He writes that saying you're spiritual but not religious is like saying
you love food, but hate cooking. Taking itake it further, he says, "You
love food but hate cooking? That means you can't be bothered to learn
to cook." Can a person really be one and not the other? Sr. Margaret J.
Obrovac, FSP offers her thoughts as welll in her blog.
Here's one from a reader asking about a neighbor's Bible Study.
He writes: "Our 8 year old daughter has been invited to a Bible Study
(non denomination; ie., non Catholic) put on by a neighbor (husband
& wife team) every Thursday. Should I let my daugfhter go?" Mark
Shea offers sound advice may of you will find very enlightening and
And this one could be the "Don't Miss Video of the Year."
Seriously. We tend to forget that others are broken, in need of love,
vulnerable, and searching. The pain, fear, and experiences that the
people in this video share, is perfectly put together, in the midst of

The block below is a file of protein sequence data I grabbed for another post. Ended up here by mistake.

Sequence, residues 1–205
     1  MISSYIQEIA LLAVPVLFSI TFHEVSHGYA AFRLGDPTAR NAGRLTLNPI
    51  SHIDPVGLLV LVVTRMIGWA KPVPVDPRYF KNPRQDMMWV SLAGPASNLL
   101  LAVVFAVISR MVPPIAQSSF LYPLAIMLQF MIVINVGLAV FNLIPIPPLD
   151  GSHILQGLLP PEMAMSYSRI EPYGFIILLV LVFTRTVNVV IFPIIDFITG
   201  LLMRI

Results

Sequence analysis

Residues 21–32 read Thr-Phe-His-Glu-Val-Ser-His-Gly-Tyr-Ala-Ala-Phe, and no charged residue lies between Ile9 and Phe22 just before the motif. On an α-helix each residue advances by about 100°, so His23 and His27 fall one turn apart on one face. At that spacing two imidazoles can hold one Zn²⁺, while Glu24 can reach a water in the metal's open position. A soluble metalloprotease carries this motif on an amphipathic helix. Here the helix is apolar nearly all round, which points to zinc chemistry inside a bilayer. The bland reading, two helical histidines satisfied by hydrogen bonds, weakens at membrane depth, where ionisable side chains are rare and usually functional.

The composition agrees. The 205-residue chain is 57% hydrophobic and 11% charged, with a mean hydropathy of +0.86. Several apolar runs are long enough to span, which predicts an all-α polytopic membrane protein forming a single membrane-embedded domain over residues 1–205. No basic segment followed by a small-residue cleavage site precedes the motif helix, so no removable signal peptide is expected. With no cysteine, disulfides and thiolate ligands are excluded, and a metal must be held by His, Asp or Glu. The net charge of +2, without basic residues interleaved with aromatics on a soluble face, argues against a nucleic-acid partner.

walking down a school hall and forgetting that all of us are human. We
need one another and I for one take others for granted too often. It was
created by a class of Alabama middle school students.
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Another eventful week in our Catholic World. Have a great and blessed new week.
Keep the Faith. Peace.
Publisher & Editor in chief
BURNING QUESTION: Sanctity of Life - "Protection of Life or Celebration of Life?"
FEATURED BLOG: Spiritual but Not Religious
PASTORAL HISPANA: Cuando Dios nos llama implica compromiso